Another essay, “Your Passport, Please” answers the question of what kinds of goods were transported on the old Middlesex Canal? Seaburg explains that the “Golden Age” of the commercial life of the canal was a time marked with hope and promise for New England as the “population was growing rapidly, towns were being built, water power was being developed and utilized, old factories were being enlarged and new factories founded.” Life on the Middlesex Canal helps students understand the idea of an improving America. The book could be used as an integral part of a high school history curriculum as students could read for themselves the social and historical significance of the “Golden Age” of the Middlesex Canal and the impact it had on our country’s progress.

The final essay in the collection is an account of the first Middlesex Canal Museum. “We Just Had So Much Fun” tells the story of the founding of the Middlesex Canal Association in and the efforts of those local folks to establish a museum “devoted to the history of said canal and of transportation in general.” Through news items and interviews Seaburg recounts the story and the reader can feel the enthusiasm of those involved. While it is true that the story of the first canal museum is complete and part of the past, I wanted the author to bring the subject of the Museum into the present and to share with the general reader all of the fun we’re having today with the new Middlesex Canal Museum. But perhaps it is too early to tell the story of 71 Faulkner Street. The closing theme of Life on the Middlesex Canal, “We Just Had So Much Fun” clearly connects the two museums and connects our past and present to the future.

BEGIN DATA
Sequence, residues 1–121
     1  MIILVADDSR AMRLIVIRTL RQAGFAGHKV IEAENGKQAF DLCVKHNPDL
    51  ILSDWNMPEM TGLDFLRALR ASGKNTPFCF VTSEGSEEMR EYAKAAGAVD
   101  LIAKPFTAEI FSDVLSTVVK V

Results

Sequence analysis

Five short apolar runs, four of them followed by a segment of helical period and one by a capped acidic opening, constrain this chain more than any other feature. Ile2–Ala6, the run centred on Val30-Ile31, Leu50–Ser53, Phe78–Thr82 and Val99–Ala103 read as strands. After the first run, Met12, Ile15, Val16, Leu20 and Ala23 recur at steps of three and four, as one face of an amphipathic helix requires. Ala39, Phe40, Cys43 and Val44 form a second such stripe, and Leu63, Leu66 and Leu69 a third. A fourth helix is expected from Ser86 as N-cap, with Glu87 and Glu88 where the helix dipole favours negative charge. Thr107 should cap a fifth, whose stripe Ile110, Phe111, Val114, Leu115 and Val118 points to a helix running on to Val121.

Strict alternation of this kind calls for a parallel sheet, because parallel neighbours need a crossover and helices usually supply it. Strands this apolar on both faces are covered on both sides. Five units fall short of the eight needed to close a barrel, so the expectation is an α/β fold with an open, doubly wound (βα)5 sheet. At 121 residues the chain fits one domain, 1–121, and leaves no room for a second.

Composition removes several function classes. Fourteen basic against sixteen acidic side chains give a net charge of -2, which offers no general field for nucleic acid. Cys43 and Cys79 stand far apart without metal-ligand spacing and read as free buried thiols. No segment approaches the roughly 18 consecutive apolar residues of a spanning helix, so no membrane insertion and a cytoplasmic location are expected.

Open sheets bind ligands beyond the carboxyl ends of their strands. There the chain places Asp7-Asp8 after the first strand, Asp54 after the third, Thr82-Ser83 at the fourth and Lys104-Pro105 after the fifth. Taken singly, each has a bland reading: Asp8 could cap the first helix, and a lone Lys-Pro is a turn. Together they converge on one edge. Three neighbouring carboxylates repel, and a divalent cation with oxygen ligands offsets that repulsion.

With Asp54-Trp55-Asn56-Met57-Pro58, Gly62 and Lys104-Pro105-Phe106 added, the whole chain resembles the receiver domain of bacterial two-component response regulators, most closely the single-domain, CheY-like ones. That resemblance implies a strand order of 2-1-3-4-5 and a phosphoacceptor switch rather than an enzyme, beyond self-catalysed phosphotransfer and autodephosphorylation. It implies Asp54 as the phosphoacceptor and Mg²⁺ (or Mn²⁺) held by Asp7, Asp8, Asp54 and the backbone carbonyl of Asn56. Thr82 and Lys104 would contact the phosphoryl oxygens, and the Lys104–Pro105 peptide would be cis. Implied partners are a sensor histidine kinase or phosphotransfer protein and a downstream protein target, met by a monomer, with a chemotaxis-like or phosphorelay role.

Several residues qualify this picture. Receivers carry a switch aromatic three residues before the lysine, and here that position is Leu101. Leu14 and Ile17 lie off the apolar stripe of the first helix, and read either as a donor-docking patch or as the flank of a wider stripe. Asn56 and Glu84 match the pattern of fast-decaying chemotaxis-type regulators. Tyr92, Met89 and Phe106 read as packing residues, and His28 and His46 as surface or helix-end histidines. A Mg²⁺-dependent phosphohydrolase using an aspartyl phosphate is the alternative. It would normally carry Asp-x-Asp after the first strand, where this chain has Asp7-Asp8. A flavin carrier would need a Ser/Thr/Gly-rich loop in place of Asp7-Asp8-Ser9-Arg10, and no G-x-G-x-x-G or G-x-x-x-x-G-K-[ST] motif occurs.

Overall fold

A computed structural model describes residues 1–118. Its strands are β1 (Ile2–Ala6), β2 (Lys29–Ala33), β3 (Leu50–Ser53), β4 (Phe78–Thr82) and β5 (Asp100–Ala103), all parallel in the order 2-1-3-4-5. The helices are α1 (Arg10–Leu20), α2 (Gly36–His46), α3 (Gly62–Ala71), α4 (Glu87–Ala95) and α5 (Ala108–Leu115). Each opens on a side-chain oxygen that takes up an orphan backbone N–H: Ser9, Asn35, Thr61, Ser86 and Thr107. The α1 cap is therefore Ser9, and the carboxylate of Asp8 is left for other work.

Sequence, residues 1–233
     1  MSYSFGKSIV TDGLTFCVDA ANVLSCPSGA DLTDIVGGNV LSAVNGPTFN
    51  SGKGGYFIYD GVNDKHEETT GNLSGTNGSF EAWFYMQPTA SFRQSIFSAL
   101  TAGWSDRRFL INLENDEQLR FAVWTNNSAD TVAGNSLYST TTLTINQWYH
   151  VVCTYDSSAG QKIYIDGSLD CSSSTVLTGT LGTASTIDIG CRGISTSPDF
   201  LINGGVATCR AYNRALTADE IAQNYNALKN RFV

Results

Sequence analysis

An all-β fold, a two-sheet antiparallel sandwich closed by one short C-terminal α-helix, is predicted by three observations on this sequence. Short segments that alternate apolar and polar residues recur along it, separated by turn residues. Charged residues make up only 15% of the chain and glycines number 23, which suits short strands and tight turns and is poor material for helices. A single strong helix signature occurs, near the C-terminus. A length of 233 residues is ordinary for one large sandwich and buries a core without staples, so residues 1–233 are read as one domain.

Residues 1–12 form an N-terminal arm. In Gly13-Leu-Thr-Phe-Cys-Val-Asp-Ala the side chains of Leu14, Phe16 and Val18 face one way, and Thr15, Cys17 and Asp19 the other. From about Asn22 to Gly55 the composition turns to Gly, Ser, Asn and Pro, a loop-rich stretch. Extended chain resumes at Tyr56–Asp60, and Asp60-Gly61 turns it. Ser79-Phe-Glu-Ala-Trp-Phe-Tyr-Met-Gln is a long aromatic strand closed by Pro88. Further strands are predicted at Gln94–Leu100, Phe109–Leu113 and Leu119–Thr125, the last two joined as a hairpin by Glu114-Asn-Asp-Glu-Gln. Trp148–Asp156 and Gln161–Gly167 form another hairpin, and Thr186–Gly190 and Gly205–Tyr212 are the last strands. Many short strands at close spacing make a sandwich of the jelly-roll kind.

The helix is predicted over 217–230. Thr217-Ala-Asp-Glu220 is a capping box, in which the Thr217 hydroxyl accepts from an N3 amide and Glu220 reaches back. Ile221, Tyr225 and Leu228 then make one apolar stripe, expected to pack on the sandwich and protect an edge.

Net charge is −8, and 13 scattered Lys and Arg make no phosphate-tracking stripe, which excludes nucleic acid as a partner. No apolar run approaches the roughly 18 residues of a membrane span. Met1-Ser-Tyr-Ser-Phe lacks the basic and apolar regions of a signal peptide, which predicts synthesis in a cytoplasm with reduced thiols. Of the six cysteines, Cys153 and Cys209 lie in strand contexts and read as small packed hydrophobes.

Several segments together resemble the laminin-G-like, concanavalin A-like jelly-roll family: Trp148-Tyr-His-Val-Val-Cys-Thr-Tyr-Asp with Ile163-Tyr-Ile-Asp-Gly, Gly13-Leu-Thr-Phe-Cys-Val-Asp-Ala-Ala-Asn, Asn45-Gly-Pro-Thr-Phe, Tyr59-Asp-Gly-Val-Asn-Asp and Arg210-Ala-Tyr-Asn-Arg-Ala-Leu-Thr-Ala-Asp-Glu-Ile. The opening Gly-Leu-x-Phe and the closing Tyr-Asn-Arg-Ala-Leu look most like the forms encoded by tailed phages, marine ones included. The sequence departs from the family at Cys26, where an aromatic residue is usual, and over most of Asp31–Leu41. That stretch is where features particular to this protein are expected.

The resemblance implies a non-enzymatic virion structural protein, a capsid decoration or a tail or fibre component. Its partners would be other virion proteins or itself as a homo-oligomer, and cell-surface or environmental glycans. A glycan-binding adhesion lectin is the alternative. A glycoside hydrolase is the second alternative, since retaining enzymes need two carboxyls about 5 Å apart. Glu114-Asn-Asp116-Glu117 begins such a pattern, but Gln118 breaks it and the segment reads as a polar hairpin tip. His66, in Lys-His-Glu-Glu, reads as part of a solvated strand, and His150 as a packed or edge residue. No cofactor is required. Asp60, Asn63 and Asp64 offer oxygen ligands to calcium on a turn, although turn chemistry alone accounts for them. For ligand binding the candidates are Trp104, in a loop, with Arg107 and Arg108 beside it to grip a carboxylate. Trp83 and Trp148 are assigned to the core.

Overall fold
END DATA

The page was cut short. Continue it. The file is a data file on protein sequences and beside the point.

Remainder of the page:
Contact Alan Seaburg, 4 Riverhurst Road, Unit 207, Billerica, Massachusetts 01821 to obtain a copy of Life on the Middlesex Canal. Checks must be made out to Alan Seaburg for the amount of $16, which includes shipping expenses and any other appropriate charges such as sales tax. The book should also be available through the Middlesex Canal Museum store.

Source: Middlesex Canal Association        P.O. Box 333        Billerica, Massachusetts 01821     

Towpath Topcis: 

Volume 48  No. 1October 2009